Steps of Construction

Step 3: Depositing the Pipeline and Backfilling

Depositing the Pipeline



Lowering the welded pipe into the trench demands close coordination and skilled operators.

Using a series of side-booms, which are tracked construction equipment, operators simultaneously lift and carefully lower the welded pipe sections into the trench. Non-metallic slings protect the pipe and coating as it is lifted and moved into position.

In rocky areas, a contractor may protect the pipe and coating from damage by placing sandbags or foam blocks at the bottom of the trench on the pipeline prior to placing the pipeline in the trench.


With the pipeline successfully laid in the trench, crews begin backfilling the trench. This can be accomplished with either a backhoe or padding machine depending on the soil type. As with previous construction crews, the backfilling crew takes care to protect the pipeline and coating as the soil is returned to the trench. 

Soil is returned to the trench in reverse order, with the subsoil returned first, followed by the topsoil. This ensures the topsoil goes back to its original position. In areas where the ground is rocky and coarse, crews check the backfill material to remove rocks, bring in clean soil to cover the pipeline, or cover the pipe with a protective material to guard against sharp rocks.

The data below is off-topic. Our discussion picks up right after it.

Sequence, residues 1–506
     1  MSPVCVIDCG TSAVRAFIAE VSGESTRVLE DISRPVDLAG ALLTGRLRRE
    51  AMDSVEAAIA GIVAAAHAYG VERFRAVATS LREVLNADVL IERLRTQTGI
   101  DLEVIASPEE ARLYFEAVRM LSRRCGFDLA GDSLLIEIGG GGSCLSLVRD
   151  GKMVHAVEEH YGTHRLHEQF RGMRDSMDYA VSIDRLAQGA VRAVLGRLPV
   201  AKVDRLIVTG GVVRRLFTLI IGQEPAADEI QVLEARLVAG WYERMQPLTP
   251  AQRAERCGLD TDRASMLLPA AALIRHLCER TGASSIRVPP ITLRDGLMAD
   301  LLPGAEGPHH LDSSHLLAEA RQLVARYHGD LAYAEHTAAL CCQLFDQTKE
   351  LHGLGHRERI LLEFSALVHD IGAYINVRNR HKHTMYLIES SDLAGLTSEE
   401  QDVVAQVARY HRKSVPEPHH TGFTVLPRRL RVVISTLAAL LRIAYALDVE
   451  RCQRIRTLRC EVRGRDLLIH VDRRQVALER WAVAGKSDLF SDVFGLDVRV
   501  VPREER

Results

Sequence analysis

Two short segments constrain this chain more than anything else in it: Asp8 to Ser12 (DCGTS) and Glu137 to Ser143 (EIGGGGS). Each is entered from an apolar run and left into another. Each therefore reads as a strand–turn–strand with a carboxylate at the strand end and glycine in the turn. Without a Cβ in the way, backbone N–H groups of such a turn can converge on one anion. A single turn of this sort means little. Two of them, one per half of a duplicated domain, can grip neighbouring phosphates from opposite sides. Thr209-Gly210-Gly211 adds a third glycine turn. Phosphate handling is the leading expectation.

Before natural gas is transported through a new pipeline, the entire length of the pipeline is pressure tested using water. This hydrostatic testing is one of the final tests to assure safety of the pipeline before it goes into operation.

Requirements for this test are prescribed in DOT’s federal regulations. Each pipeline section is filled with water and pressured up to a level higher than the maximum pressure at which the pipeline will operate when carrying natural gas. 

The test pressure is held for a specific period of time to determine if the pipeline meets the design strength requirements and if any leaks are present. Once a section successfully passes the hydrostatic test, water is safely emptied from the pipeline according to EPA and FERC regulations and the pipeline is dried to ensure that no water is present when natural gas begins to flow.